The opinions expressed in this commentary are solely those of Paul R. La Monica. Other than Time Warner, the parent of CNNMoney, Abbott Laboratories and AbbVie, La Monica does not own positions in any individual stocks.
Hewlett-Packard is entering its final days as a component of the vaunted Dow Jones Industrial Average. HP will no longer be a Dow 30 member as of Monday.
But HP (HPQ), which ironically enough has been one of the hottest stocks in the Dow this year, has already lost another title. Up until recently, HP was the best performer in the Dow year-to-date. But that honor now belongs to, drum roll please ... Boeing (BA)!
Yes, Boeing. The same Boeing that has had numerous problems with overheating lithium-ion batteries in its brand new 787 Dreamliner jets this year.
The same Boeing whose stock finished the month of January down 2% (mainly due to concerns about the Dreamliner) even though the Dow was up nearly 6%.
And the same Boeing that received another round of bad press after a Boeing 777 plane operated by Asiana Airlines crashed upon landing at San Francisco's airport in July. That accident killed three people.
Yet Boeing's shares are up 57% in 2013. (HP's stock has gained 53%.) And unlike HP, Boeing is not merely bouncing back from years of trading at depressed levels. Boeing's stock is at an all-time high.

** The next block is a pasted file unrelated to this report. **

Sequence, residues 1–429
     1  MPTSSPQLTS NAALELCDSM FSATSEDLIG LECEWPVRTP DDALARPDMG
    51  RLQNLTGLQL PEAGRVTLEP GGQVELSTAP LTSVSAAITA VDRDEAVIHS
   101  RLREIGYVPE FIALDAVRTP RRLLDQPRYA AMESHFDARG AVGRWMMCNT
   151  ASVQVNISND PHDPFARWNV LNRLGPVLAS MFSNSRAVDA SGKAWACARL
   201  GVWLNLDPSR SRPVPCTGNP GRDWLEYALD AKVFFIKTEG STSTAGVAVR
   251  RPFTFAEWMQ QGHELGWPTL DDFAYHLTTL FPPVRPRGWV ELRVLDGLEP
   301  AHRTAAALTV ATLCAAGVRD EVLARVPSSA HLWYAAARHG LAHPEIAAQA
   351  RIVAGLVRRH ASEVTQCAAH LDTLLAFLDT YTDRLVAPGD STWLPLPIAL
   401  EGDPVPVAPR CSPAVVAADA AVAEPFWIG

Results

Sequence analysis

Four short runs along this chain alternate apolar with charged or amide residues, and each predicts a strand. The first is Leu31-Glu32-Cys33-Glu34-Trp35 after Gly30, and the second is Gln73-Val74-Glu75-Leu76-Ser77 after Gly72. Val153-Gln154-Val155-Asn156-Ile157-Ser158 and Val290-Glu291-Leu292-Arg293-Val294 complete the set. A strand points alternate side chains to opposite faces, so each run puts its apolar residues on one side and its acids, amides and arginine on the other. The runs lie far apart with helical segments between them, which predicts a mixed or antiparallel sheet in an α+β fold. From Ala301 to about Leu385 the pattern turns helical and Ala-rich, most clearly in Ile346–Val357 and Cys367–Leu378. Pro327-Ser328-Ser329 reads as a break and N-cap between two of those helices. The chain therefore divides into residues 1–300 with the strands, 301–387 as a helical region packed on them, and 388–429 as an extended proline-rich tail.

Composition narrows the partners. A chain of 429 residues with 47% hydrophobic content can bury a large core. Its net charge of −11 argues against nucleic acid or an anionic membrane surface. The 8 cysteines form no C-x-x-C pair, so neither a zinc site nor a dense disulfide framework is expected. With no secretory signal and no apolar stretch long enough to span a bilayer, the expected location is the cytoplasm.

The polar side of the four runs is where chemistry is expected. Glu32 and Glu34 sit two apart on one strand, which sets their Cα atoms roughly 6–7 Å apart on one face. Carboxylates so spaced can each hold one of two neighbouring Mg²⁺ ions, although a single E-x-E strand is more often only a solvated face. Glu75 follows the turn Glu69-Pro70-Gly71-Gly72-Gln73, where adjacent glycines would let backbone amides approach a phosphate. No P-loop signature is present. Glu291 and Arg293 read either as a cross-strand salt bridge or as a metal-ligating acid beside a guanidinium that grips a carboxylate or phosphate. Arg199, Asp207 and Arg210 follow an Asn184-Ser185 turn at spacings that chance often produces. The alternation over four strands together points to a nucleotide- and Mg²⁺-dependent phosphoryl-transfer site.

What gives? Boeing's meteoric rise is a perfect example of why long-term oriented investors sometimes need to filter out the noise. Bad press doesn't necessarily mean a bad stock.
Sure, headlines about flaming batteries and grounded planes are not exactly good news. But Boeing addressed the problems. And it's not as if major airlines rushed to cancel orders for the state-of-the-art 787s.
In addition, investors that were focusing solely on the Dreamliner woes were missing the bigger picture with Boeing. Boeing's commercial airplane unit, of which the 787 is just a small part for now, is doing extremely well. The division reported sales growth of nearly 7% in the first half of the year and a 16.5% increase in operating profits.
Boeing is also not just a company that makes commercial jets. More than 40% of the company's revenue comes from its defense, space and security unit. Profit margins are improving in that business segment.
"The premise for investing in Boeing for the long-term is the 787. But the rest of Boeing's business is doing extremely well," said Ted Parrish, co-manager of the Henssler Equity fund (HEQFX), which owns the stock. "And the 787 is a top-notch product that airlines need to help them cut costs."
The combination of healthy orders for commercial jets and growing earnings in the defense business led Boeing to raise its full year outlook for both sales and profits back in July.
And for investors, that's what should matter. The numbers. Not the headlines. Boeing is just one example of a stock that has done exceedingly well lately despite bad publicity.